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childbirth, labor, oral intake



  1. Shea-Lewis, Anne BSN, RN
  2. Eckardt, Patricia PhD, RN
  3. Stapleton, Donna BS, RN


Purpose: The purpose of this study was to compare the maternal and neonatal outcomes among laboring women permitted ad lib oral intake with those permitted nothing by mouth except for ice chips.


Design: This was a quantitative retrospective observational cross-sectional study.


Sample: The initial data set consisted of all closed medical records for 2,817 women who were admitted to a suburban community hospital in the northeastern United States between January 2008 and December 2012. Some subjects' records were missing either covariate data or outcomes data, resulting in final sample sizes of 2,797 women (for comparison across covariates) and 2,784 women (for comparison across outcomes).


Methods: A deidentified limited data set was extracted from the electronic health record for descriptive and inferential comparisons between groups. Demographics and maternal comorbidities present on admission were compared between groups before data analysis. Outcome comparisons were obtained with traditional between-groups analysis and propensity score matching.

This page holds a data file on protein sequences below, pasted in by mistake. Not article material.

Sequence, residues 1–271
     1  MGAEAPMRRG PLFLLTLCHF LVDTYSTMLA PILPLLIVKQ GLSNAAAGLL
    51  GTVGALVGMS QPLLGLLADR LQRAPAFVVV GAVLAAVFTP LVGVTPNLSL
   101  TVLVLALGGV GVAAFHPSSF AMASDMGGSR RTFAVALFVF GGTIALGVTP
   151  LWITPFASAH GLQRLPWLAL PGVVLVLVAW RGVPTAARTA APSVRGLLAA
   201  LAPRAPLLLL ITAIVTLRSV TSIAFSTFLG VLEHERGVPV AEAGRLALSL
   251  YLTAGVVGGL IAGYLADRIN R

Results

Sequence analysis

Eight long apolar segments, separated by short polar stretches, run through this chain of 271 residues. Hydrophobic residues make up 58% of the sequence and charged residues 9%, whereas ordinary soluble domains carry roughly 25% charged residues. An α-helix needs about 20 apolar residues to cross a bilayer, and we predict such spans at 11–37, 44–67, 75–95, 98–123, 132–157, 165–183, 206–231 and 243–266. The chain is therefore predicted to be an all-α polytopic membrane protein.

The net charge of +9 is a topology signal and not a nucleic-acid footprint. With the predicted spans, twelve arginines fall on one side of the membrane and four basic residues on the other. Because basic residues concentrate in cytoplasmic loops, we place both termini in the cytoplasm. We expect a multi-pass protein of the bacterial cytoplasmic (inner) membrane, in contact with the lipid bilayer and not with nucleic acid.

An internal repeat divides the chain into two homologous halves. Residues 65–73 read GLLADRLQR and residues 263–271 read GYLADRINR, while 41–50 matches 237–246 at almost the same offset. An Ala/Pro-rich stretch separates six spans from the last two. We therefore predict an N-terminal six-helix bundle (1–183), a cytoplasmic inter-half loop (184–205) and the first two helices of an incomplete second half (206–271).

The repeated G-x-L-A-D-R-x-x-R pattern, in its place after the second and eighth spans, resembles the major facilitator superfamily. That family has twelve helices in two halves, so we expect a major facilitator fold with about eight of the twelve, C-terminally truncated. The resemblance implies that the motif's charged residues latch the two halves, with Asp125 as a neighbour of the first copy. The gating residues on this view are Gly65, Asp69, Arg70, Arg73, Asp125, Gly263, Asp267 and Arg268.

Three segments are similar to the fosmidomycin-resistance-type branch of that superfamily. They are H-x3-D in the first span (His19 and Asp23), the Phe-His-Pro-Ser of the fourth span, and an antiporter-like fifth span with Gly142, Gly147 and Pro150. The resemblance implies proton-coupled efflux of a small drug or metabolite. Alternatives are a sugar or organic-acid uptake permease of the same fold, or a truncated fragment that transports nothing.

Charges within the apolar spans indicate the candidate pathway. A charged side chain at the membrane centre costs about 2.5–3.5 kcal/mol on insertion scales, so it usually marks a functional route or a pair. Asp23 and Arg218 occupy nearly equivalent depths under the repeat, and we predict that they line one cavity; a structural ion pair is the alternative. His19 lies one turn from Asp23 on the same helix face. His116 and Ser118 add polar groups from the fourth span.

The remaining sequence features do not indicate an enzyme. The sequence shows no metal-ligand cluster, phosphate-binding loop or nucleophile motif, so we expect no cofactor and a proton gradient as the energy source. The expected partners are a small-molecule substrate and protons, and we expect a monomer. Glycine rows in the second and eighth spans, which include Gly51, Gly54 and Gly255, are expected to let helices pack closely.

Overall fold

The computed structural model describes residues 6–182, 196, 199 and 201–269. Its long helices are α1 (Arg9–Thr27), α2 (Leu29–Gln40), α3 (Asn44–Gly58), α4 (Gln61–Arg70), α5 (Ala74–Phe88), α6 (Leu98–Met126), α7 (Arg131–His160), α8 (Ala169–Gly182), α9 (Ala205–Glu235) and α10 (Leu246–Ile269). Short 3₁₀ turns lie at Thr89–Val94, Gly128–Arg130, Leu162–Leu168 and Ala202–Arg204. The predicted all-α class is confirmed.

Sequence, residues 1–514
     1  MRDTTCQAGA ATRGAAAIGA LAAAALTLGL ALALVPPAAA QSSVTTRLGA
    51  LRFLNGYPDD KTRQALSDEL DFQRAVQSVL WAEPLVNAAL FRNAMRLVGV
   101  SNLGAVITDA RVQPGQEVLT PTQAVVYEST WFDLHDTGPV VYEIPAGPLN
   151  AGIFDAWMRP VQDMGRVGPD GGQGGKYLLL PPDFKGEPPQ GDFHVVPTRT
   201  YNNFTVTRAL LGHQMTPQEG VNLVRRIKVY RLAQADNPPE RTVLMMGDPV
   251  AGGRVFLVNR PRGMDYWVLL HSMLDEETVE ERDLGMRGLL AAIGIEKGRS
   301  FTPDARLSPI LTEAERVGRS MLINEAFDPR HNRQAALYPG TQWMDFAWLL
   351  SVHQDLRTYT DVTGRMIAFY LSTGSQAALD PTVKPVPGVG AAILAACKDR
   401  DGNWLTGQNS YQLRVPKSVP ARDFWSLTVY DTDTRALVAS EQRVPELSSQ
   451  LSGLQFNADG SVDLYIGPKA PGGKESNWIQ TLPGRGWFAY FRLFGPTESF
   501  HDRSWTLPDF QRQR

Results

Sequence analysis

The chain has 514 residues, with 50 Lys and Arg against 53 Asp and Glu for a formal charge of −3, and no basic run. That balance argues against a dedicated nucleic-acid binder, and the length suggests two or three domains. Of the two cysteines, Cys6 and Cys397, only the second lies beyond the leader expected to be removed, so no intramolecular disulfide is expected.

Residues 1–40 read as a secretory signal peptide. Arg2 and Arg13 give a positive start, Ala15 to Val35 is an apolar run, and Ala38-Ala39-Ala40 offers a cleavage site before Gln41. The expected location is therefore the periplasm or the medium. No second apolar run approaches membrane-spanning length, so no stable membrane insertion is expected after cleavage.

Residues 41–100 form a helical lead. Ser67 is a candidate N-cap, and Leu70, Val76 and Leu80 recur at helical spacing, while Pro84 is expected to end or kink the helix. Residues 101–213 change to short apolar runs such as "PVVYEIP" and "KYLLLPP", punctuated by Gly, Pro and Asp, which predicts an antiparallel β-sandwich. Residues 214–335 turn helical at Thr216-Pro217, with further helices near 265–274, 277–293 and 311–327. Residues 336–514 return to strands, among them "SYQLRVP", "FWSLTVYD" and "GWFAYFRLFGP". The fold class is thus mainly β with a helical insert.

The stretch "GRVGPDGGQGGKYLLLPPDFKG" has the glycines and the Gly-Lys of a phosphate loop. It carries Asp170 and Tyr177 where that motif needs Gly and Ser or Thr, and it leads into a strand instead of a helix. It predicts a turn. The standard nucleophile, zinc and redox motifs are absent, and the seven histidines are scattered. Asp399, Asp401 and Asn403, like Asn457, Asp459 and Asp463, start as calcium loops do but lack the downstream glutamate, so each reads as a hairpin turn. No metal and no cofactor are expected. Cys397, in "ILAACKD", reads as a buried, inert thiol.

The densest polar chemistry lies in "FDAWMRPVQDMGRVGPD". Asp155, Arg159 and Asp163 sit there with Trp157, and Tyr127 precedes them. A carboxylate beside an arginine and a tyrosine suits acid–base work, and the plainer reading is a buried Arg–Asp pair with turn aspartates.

Results: The groups were found to be sufficiently equivalent for comparison. The group permitted nothing by mouth was significantly more likely to have unplanned cesarean section births than the group permitted ad lib oral intake. There were no significant differences in unplanned maternal ICU admissions postpartum, in neonate condition as determined by Apgar scores, or in the need for a higher level of care. Allowing women ad lib oral intake during labor caused no increase in morbidity, and there were no mortalities in either group.


Conclusion: Allowing women ad lib oral intake during labor does not increase adverse maternal or neonatal outcomes. It stands to reason that allowing such intake could increase patient satisfaction. Further study is needed to determine what types of food and drink are most beneficial as well as what types are preferred.